Safe Harbor?

Ships bringing liquefied natural gas from the Middle East pass regularly through Boston Harbor. Experts say there’s little chance of an LNG tanker going up in a fireball. Then why are city officials so worried? Should you be?

By Jason Schwartz | Boston Magazine |

HOW DANGEROUS IS IT? THE REALITY
Can LNG catch fire inside the tanker?
LNG itself is not flammable. You could light a match, drop it into a vat of the stuff, and be perfectly fine. Yet if LNG, which is extremely cold, spills out onto the relatively warm ground or water, it immediately starts to evaporate. That forms a vapor, which is flammable, but only under certain conditions (see “The Fire”). LNG tankers are built with double hulls, each made of one-inch-thick steel. By contrast, the USS Cole had a single hull of half-inch-thick steel.

Would it be easy to blow up a tanker?
Successfully attacking an LNG tanker would be very difficult, experts say, but it’s hard to say exactly how difficult. For most ships passing through Boston, an attacker coming from outside the ship would first have to breach the security zone, then cause a leak by blasting through about 30 feet of the ship. Sandia considered all conceivable means and methods of attack for its 2004 report, though that part remains classified. “We got drawings of the ships and did very high-definition structural calculations of the damage you would get from those types of credible threats,” says Mike Hightower, one of the study’s authors. “We [considered] things like an attack, a hijacking, an insider threat where a member of the crew…brought some explosives onboard. We looked at a range of weapons, and we looked at things people could make into weapons: small aircrafts, small boats.”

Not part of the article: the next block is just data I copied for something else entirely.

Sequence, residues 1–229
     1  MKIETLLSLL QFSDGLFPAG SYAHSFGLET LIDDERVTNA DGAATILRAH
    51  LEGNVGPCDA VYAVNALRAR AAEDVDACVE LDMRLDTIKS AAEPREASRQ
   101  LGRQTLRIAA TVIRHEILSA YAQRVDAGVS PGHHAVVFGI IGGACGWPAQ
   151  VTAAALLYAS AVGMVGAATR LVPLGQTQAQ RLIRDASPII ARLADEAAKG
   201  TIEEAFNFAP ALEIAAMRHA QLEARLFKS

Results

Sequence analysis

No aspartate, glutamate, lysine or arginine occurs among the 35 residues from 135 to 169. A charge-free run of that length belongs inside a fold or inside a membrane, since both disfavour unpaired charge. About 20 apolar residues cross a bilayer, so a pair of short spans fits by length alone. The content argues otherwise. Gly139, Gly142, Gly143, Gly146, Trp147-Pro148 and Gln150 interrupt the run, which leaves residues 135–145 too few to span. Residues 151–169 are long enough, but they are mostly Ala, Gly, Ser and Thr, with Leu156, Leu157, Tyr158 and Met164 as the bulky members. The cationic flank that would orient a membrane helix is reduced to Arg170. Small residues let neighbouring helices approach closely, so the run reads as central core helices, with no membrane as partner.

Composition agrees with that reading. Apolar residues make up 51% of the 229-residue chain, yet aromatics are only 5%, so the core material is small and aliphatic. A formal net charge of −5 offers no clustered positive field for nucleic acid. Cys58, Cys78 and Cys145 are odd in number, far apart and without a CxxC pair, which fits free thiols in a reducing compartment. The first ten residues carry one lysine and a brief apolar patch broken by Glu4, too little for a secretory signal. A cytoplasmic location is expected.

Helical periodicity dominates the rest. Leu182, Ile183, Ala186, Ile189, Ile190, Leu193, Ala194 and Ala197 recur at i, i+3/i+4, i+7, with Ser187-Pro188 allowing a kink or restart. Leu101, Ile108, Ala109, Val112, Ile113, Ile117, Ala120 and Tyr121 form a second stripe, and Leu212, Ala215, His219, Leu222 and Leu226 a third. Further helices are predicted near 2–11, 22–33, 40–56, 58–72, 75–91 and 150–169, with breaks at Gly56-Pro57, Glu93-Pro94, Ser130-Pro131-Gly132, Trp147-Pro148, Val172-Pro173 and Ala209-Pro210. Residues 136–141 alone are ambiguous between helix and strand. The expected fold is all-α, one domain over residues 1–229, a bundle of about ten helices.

Do LNG accidents happen often?
There hasn’t been a major LNG incident since the 1944 storage-tank explosion in Cleveland. And a shipwreck doesn’t automatically mean disaster: A tanker once hit a rock outcropping head-on in the Strait of Gibraltar and had to be towed to port, yet lost not a drop of LNG.

  • Robert

    Skikda, Algeria, had a catastrophic LNG accident in 2004, that killed 26 workers and injured 74.

  • Robert

    LNG storage tanks contain vapor (called “boil off”) at the top, above the liquid. It does not require pouring onto land or water to vaporize — it simply needs a slight rise in heat.

    The statement about a lit cigarette and LNG vapor flammability give a false impression of safety. Liquid gasoline will not burn until it vaporizes, either.

    LNG vapor is 3.7% more flammable than gasoline vapor. Methane (LNG) has a fuel-to-air flammability range of 5% to 15% (a 10% range), while gasoline has a flammability range of 1.4% to 7.6% (a 6.2% range). Neither will burn or explode outside those ranges.

    The Federal Government has defined LNG ship Hazard Zones that extend 2.2-miles from the ship. The hazards within those zones include cryogenic burns, asphyxiation, fire, thermal-radiation burns, and explosion.